But if you define driving as a smooth art of operating a delicate 3D object in a dangerous, dynamic, and rapidly ever changing 3D maze, as fast as possible (eg, Formula 1), and without getting killed or killing others, well then there remains nothing to argue about.
 

Englund

TS Contributor
#2
One possible solution to your questions is simply to look amongst all drivers, which gender has driven the most on average? Men or women? The more you practice the better you get. As cognitive skills doesn't differ between genders to a great degree the learning curve should be somewhat similar. Therefore the gender that on average practice the most should on average also be the better gender at this particular skill.

This way of approaching the problem isn't bullet proof but I think it's a start. Men, on average, are better at spatial reasoning which should be beneficial on the road. Women on the other hand are less frequent risk takers which could inhibit learning; taking risks and pushing oneself to the (or at least closer to) edge should not be non-beneficial for enhancing driving skills, at least as long as one does not get injured.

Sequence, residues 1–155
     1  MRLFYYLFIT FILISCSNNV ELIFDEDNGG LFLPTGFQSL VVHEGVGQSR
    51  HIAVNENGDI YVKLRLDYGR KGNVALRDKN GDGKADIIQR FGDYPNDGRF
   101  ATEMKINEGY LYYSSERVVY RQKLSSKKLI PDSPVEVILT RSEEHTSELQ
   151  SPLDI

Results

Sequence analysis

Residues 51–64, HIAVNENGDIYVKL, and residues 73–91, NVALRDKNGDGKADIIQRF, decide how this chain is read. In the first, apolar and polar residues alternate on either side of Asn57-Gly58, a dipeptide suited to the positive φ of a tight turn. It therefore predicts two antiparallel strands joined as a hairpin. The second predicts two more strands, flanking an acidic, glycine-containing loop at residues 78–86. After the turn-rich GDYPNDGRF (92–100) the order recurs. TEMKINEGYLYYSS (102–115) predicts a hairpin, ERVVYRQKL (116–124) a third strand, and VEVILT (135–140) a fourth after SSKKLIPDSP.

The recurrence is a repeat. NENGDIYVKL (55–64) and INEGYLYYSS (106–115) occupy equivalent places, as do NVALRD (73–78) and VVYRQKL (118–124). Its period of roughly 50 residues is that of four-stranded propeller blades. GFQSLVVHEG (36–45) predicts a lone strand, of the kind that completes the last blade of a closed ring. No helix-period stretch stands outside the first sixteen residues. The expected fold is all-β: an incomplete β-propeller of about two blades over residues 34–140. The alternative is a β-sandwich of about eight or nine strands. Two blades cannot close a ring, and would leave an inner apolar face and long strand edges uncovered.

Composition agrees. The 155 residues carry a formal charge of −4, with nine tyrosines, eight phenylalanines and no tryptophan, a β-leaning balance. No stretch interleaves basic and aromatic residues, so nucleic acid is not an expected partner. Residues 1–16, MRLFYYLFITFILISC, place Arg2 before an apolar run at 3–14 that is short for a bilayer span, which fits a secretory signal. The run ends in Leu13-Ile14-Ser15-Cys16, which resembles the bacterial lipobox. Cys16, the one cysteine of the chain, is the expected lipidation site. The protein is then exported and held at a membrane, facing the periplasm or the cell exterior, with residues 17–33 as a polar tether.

I am not sure this answers your question as it is possible that your real question may be: Which gender would on average be more skilled at driving a car when all relevant confounders are controlled for? I.e which gender would on average be better at driving if they practiced the exact same way and exactly as much as the other gender?
 

Englund

TS Contributor
#3
And I'm sorry but I don't give much for your anecdotal evidence as you probably are a victim of severe confirmation bias and some other cognitive delusions/effects.
 
#4
Although fewer women drive, there are women who have the experience of driving as long as men, or even more than men. It is quite possible to study men and women with equal driving experience levels at driving simulation games. Plus, you see a woman with 10 years of experience, and compare her with a man with 2 years of experience. Now, monitor 100 women with 10 years of experience and compare them with 100 men with 2 years of experience. My bet is on men. Plus, I have many female colleagues and friends who have much more experience than my male friends do. And the number of my female colleagues is 10 times the number of males. Still most of my male friends are good drivers, while females are not (except by one who is now in Sweden).

And I'm sorry but I don't give much for your anecdotal evidence as you probably are a victim of severe confirmation bias and some other cognitive delusions/effects.
And I am sorry but I don't give much for your words as you probably are a victim of severe confirmation bias and some other cognitive delusions/effects.
 

Englund

TS Contributor
#5
I could easily come up with as much anecdotal evidence that says the exact opposite of what your's does. My point is that anecdotes aren't worth that much.
And I am sorry but I don't give much for your words as you probably are a victim of severe confirmation bias and some other cognitive delusions/effects.